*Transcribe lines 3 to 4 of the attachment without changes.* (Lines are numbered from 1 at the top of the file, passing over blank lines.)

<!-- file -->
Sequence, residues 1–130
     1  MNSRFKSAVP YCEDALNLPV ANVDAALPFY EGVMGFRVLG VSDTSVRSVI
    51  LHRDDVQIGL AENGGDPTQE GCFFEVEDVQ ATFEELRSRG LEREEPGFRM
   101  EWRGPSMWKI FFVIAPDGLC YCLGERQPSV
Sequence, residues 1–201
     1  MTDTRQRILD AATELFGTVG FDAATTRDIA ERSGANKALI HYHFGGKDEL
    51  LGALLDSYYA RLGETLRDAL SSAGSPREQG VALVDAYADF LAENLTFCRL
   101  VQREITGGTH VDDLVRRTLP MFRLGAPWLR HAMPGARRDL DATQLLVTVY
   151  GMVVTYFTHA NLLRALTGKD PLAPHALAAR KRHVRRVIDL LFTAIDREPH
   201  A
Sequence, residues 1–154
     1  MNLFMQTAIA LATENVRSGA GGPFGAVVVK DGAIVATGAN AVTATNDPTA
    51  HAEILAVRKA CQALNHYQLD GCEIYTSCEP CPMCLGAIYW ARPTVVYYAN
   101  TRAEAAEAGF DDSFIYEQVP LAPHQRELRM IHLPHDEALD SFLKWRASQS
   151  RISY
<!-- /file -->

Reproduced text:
    51  LHRDDVQIGL AENGGDPTQE GCFFEVEDVQ ATFEELRSRG LEREEPGFRM
   101  EWRGPSMWKI FFVIAPDGLC YCLGERQPSV